Specialty Editor Board

Francisco Talavera, PharmD, PhD Adjunct Assistant Professor, University of Nebraska Medical Center College of Pharmacy; Editor-in-Chief, Medscape Drug Reference

Disclosure: Received salary from Medscape for employment. for: Medscape.

John W King, MD Professor of Medicine, Chief, Section of Infectious Diseases, Director, Viral Therapeutics Clinics for Hepatitis, Louisiana State University Health Sciences Center; Consultant in Infectious Diseases, Overton Brooks Veterans Affairs Medical Center

John W King, MD is a member of the following medical societies: American Association for the Advancement of Science, American College of Physicians, American Federation for Medical Research, Association of Subspecialty Professors, American Society for Microbiology, Infectious Diseases Society of America, Sigma Xi

Disclosure: Nothing to disclose.

Chief Editor

Pranatharthi Haran Chandrasekar, MBBS, MD Professor, Chief of Infectious Disease, Program Director of Infectious Disease Fellowship, Department of Internal Medicine, Wayne State University School of Medicine

Pranatharthi Haran Chandrasekar, MBBS, MD is a member of the following medical societies: American College of Physicians, American Society for Microbiology, International Immunocompromised Host Society, Infectious Diseases Society of America

Disclosure: Nothing to disclose.

Additional Contributors

Mary D Nettleman, MD, MS MACP, Professor and Chair, Department of Medicine, Michigan State University College of Human Medicine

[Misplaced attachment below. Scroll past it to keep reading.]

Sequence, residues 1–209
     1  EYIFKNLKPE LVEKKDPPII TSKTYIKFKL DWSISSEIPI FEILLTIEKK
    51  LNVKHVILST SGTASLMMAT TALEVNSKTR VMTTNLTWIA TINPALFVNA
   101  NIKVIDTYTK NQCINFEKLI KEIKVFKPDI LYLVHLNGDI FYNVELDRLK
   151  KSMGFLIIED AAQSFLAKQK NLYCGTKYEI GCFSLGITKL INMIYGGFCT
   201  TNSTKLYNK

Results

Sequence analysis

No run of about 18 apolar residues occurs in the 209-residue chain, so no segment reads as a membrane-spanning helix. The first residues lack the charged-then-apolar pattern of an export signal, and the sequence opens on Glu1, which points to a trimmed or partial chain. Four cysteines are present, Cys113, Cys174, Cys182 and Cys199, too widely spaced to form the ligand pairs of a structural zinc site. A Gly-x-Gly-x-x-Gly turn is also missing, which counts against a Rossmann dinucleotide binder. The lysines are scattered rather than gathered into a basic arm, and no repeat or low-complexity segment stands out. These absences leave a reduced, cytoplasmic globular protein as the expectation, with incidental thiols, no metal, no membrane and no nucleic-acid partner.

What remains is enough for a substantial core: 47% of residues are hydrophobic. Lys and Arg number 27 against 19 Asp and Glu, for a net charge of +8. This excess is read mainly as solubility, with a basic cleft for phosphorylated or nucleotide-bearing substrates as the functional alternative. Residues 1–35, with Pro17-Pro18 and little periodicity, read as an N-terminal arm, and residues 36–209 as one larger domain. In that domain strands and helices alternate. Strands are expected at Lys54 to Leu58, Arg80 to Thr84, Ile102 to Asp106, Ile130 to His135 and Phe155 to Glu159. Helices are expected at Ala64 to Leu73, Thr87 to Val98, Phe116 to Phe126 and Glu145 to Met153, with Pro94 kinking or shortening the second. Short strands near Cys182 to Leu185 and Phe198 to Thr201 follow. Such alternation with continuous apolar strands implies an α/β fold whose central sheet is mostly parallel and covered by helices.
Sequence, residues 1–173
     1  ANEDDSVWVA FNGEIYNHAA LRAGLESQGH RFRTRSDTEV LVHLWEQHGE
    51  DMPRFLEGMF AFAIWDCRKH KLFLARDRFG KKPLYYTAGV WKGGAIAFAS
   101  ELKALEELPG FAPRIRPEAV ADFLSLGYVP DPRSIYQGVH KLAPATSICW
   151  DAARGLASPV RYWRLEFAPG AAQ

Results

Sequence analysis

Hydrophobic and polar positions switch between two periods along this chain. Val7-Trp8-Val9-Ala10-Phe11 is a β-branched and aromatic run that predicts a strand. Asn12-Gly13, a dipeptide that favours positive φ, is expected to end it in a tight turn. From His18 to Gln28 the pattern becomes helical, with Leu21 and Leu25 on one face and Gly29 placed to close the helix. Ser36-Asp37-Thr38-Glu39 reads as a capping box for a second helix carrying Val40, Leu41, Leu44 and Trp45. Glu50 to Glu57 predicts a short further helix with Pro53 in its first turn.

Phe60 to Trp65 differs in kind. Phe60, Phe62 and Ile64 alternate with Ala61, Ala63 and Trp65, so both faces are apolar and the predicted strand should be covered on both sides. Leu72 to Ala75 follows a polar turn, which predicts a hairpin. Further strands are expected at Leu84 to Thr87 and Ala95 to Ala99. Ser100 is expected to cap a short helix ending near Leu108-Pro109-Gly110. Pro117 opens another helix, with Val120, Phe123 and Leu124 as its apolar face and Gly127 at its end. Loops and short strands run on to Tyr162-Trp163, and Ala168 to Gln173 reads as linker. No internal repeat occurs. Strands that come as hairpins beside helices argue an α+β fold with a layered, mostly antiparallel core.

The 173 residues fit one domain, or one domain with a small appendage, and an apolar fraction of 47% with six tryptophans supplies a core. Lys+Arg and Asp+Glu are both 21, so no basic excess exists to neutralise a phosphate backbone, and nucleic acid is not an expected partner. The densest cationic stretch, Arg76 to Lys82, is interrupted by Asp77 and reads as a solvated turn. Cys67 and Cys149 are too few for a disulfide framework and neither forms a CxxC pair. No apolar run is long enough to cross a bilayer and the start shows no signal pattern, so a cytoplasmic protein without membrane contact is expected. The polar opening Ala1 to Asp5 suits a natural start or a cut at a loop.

Mary D Nettleman, MD, MS is a member of the following medical societies: American College of Physicians, Association of Professors of Medicine, Central Society for Clinical and Translational Research, Infectious Diseases Society of America, Society of General Internal Medicine

Disclosure: Nothing to disclose.

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Chagas disease (American trypanosomiasis). The trypomastigote is the infective flagellated form of the parasite found in the blood of the mammalian hosts (blood trypomastigote) and in the hindgut of vectors (metacyclic trypomastigote). Image courtesy of Peter Darben, MD.
Chagas disease (American trypanosomiasis). The epimastigote form of Trypanosoma cruzi is the multiplying stage of the parasite that grows in the gut of the insect vector and also in cell-free culture medium as shown here. Image courtesy of Peter Darben, MD.
Chagas disease (American trypanosomiasis). Megacolon.
Life cycle of triatomines. Courtesy of the CDC.
Trypanosoma cruzi trypomastigotes in a mouse blood smear (Giemsa, x625). Courtesy of Dr. Herbert B Tanowitz, New York, NY.
Rhodnius prolixus, a common vector of Trypanosoma cruzi. Eggs, first- and second-stage nymphs, and adult.
Trypanosoma cruzi in heart muscle of a child who died of acute Chagas disease in Texas. (H&E, x900).
Chest radiograph of a Bolivian patient with chronic Trypanosoma cruzi infection, congestive heart failure, and rhythm disturbances. Pacemaker wires can be seen in the area of the left ventricle.
Barium swallow radiographic study of a Brazilian patient with chronic Trypanosoma cruzi infection and megaesophagus. The markedly increased diameter of the esophagus and its failure to empty are typical findings in patients with megaesophagus caused by Chagas disease. Courtesy of Dr. Franklin A. Neva, Bethesda, MD.
Air-contrast barium enema of a Bolivian patient with chronic Chagas disease and megacolon. The markedly incrased diameters of the ascending, transverse, and sigmoid segments of teh colon are readily apparent.
Natural course of American trypanosomiasis. Courtesy of Dr. Patricia Paredes, Guadalajara, Jal., Mexico.